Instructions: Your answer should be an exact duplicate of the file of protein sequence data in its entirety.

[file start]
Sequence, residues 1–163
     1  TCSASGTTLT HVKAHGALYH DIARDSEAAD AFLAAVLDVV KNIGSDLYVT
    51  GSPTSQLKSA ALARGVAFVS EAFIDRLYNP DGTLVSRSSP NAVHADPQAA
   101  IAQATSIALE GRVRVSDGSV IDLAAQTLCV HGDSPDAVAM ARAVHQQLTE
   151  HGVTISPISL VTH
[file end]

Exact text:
Sequence, residues 1–163
     1  TCSASGTTLT HVKAHGALYH DIARDSEAAD AFLAAVLDVV KNIGSDLYVT
    51  GSPTSQLKSA ALARGVAFVS EAFIDRLYNP DGTLVSRSSP NAVHADPQAA
   101  IAQATSIALE GRVRVSDGSV IDLAAQTLCV HGDSPDAVAM ARAVHQQLTE
   151  HGVTISPISL VTH